Alix the Gator – Alix, Alberta

Alix the Alligator

30 minutes into our driving along Highway 12, I happened to notice this new-to-me roadside stop. Of course we had to add it in!

It’s hard to find information about the Alligator online, but my favourite “fact” is the legend of a dark shadow discovered in the town lake. Who needs a monster like ‘Nessie when it can be explained away with a tropical alligator running wild in central Alberta?!

As this was a surprise stop, I hadn’t researched Alix ahead of time. The town has three playgrounds, but none near the ‘gator.

Main Street looks like it would be fun for me to explore. The Alix Wagon Wheel Museum is a block and a half down Main Street, but was closed the day we visited (it’s open Tuesday to Friday during the summer).

Alberta’s Largest Norther Pike – Rochon Sands

Alberta's largest Northern Pike in Rochon Sands

It was another 25 minutes to arrive at Rochon Sands. I’d never even heard of the summer village before planning this trip. Despite not-so-great skies I think I’m in love. I’m already staking out the provincial park as a camping destination for next summer.

Heads up that Telus/Bell cell phone service cuts out about 500 meters from the town, so you’re relying on what was downloaded before you arrived and road signs to find the Pike.

Take a right on the access road for Rochon Sand Disc Golf. If you pass the adorable Snack Shack on the left along Sands Street you’ve gone too far (and may have kids begging for ice cream).

There isn’t much to do at this spot besides take a photo and use the outhouse – unless you like disc golf and brought your Frisbee! Fortunately we were at an exciting point in our travel audiobook, so the kids were happy to hop back in the vehicle.

World’s Largest Oil Lamp – Donalda, Alberta

World's Largest Oil Lamp in Donalda, Alberta

I wasn’t sure what to expect from Donalda. This lamp is a favourite example of Alberta’s wild roadside attractions, and has been on my personal “check it out” list for a while now.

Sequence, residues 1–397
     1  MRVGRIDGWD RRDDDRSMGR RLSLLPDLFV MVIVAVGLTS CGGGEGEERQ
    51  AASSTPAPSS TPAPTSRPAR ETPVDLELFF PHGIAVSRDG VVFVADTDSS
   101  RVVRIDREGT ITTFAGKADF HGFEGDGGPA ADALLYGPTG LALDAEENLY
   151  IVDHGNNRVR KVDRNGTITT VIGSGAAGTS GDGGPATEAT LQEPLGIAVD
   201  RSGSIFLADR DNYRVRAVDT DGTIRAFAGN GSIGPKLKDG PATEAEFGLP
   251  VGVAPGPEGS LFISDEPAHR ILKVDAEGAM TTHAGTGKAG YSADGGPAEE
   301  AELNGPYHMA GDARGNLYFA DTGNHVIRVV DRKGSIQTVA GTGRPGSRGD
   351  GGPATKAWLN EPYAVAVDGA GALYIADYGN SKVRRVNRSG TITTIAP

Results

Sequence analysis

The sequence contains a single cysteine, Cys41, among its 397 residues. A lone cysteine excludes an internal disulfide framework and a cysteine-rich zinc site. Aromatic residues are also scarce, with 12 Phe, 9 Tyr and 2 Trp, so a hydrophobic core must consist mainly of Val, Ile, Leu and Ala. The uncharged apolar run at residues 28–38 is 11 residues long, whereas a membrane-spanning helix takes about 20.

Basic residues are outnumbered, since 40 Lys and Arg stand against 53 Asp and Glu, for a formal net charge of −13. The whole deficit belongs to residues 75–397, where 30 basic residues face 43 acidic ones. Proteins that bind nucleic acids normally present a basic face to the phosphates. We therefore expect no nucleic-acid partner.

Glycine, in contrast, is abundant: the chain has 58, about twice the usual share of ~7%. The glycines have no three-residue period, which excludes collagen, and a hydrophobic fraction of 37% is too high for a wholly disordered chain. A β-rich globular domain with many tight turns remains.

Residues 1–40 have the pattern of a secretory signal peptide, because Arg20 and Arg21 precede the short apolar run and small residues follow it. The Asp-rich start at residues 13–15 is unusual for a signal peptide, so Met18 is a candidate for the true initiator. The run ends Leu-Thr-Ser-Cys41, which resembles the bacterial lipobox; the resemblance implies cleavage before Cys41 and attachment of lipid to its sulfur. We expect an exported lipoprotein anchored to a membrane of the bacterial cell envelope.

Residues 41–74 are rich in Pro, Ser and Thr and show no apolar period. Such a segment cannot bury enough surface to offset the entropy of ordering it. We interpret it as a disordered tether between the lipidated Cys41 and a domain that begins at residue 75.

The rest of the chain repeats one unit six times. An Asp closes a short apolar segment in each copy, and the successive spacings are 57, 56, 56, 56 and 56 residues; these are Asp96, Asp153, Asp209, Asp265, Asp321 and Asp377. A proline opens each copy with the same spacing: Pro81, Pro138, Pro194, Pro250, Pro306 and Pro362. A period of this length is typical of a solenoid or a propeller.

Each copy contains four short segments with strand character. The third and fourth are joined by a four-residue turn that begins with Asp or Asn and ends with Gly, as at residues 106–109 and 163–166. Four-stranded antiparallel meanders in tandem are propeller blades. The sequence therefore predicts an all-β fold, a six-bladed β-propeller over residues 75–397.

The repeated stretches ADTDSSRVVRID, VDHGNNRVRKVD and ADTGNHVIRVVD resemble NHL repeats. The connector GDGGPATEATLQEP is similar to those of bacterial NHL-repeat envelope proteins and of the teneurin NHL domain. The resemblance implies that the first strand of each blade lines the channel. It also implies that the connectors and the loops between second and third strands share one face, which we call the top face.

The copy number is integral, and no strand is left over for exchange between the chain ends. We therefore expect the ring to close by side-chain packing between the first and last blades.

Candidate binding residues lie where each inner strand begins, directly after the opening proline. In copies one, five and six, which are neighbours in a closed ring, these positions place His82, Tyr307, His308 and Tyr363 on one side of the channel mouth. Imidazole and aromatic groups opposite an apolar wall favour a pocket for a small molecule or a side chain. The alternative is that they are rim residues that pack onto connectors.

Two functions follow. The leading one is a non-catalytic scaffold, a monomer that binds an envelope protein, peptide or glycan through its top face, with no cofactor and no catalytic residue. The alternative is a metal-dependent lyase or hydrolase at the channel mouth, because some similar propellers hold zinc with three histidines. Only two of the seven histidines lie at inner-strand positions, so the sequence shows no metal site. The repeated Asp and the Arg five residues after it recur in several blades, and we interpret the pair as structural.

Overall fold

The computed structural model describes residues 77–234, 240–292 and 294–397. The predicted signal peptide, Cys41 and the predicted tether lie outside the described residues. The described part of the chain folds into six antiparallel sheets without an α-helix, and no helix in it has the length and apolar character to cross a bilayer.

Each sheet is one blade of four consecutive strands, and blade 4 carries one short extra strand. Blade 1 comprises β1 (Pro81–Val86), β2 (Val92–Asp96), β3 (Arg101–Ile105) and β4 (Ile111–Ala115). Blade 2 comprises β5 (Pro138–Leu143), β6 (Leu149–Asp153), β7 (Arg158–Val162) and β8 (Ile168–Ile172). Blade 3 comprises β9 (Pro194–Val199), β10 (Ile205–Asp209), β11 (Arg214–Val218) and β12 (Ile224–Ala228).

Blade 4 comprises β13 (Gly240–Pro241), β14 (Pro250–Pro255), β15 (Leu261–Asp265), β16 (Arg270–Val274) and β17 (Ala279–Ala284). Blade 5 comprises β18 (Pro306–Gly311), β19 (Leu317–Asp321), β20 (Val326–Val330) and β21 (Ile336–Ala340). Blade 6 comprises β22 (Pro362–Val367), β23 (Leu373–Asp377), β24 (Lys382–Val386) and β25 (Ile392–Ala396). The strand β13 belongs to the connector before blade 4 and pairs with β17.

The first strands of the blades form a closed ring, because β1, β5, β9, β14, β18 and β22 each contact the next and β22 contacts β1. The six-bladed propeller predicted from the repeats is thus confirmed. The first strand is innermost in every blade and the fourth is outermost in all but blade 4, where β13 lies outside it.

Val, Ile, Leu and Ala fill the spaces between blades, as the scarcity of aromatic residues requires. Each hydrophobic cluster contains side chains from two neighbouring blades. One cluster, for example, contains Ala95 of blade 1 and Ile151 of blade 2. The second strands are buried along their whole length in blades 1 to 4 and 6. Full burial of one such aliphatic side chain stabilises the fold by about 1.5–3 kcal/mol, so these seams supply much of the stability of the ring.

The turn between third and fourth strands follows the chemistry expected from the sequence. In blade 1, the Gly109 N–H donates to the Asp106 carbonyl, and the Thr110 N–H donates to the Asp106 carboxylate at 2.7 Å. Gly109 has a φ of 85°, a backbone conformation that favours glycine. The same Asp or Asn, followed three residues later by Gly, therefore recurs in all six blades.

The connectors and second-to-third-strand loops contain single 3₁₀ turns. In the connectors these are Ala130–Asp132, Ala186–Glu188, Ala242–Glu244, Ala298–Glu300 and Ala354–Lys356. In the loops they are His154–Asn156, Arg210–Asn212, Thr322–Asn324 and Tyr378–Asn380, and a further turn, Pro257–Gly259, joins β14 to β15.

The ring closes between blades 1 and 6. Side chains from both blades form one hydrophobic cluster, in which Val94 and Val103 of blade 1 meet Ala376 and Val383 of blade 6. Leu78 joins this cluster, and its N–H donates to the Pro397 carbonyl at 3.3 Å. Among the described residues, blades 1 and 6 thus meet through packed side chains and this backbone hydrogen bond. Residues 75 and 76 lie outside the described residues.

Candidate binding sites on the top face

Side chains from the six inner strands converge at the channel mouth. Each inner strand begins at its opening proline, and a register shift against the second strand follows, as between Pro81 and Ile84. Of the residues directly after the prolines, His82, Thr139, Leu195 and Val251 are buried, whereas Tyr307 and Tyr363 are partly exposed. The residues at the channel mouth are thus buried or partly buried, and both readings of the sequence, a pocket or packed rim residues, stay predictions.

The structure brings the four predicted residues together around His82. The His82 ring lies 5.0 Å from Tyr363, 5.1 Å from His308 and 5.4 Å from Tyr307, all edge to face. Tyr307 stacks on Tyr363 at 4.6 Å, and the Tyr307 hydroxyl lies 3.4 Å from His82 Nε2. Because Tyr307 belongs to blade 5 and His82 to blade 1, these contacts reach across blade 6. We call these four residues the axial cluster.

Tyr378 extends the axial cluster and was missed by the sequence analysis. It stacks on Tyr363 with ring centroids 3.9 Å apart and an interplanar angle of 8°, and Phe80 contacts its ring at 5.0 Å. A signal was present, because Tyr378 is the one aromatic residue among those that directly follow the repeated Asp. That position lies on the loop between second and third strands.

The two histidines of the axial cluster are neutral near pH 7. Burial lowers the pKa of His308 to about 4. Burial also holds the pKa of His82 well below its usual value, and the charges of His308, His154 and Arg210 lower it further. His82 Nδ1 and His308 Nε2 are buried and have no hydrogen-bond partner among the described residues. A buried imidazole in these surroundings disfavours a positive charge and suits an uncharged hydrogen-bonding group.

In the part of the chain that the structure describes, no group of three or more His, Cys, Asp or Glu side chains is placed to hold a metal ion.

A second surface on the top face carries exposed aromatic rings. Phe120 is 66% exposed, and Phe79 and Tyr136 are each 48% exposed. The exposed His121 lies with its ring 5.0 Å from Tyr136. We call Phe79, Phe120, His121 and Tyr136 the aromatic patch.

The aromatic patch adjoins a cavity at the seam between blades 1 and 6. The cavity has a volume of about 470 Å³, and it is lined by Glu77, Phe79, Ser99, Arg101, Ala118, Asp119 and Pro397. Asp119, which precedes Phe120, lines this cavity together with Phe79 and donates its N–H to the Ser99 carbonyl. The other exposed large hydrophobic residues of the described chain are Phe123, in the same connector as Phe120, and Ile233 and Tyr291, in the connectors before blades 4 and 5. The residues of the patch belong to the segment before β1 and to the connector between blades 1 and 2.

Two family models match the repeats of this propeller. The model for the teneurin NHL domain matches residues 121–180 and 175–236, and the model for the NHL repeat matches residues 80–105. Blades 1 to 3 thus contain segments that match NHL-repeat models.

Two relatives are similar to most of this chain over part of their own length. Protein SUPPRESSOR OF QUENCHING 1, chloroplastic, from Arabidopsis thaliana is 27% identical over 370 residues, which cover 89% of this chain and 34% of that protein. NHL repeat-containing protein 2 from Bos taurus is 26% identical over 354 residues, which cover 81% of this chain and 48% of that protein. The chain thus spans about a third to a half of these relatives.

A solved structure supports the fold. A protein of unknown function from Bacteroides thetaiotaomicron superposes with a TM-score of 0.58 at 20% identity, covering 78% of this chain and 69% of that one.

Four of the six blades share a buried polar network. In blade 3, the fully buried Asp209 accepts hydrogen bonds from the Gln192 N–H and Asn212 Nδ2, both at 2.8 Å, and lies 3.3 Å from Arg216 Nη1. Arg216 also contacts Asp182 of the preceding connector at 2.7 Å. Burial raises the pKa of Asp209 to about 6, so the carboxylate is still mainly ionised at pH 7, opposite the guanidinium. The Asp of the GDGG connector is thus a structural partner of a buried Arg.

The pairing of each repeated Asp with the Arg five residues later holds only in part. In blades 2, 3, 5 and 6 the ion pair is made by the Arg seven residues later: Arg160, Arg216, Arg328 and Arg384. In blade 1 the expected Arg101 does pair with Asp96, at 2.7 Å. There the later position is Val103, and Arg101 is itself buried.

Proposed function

Just 30 minutes from Rochon Sands, the Village of Donalda isn’t a town you pass through on the way to somewhere else. Centered between the more major highways of 13 and 12 to the north and south, and 36 and 21 to the east and west, Donalda is a town you visit with intent.

Despite the crumby day we weren’t the only ones visiting, either! The kids and I had to wait our turn for photos by the lamp. Don’t forget to go inside, too.

There isn’t a playground nearby, but there are lots of paths to run around on. Once the sillies are worn out, head across the street to the Donalda & District Museum to do the scavenger hunt surrounded by the world’s largest lamp collection.

Before you leave, ask the receptionist for access to the art gallery across the street (we didn’t realize this until we’d already left and missed out).

This is also a great opportunity to use flush toilets and have proper hand-washing facilities.

Diplomat Mine Interpretive Site – Forestburg, Alberta

25 minutes from Donalda, this small detour to an open air, open-pit mining museum adds about fifteen minutes of driving onto your trip.

This was recommended as a stop to us by someone we ran into in Heisler – after we’d already driven past. Combined with a late start on our outing, we wouldn’t be able to fit it into our drive on this trip. Obviously I’ve noted it and hope you get to visit!

Canada’s Largest Baseball Glove – Heisler, Alberta

Canada's Largest Baseball glove in Heisler

The kids deemed this the best playground all day. Located 25 minutes from Donalda or 15 minutes from Diplomat Mine Interpretive Site, Heisler was more about the playground than the giant baseball glove for the kids.

Measuring 13.5 feet tall by 7.5 feet wide the metal glove is visible from the highway, but parking requires you to drive through the village.

I got to chat with a local mama whose preschooler chatted the ear off of my two. They all had a blast, and I got to learn a little bit more about the area (and discovered the Diplomat Mine).

Knowing this was our last stop I let the kids blow off steam before we we embarked on the hour and 45 minute drive home. Thank goodness for good audiobooks!

If we’d hit the road a bit earlier and on a different day of the week (Wednesday to Saturday), we’d have stopped at the Beaverhill Lake Nature Centre and Museum around the halfway mark to break up the drive.

Final Thoughts

If we were to do this drive again, I’d swap directions, and do the trip between Wednesday and Friday in the summer, so all the museums would be open. I love getting good pictures and would have preferred a day with blue skies, but this summer wasn’t good for that.

It was an incredible way to spend a day out with the kids, and I’m so happy we got to create some memories. Exploring corners of Alberta we probably wouldn’t go to otherwise is always a treat.

We love our roadside attractions and fun drives! If you’re looking for more, check out these posts: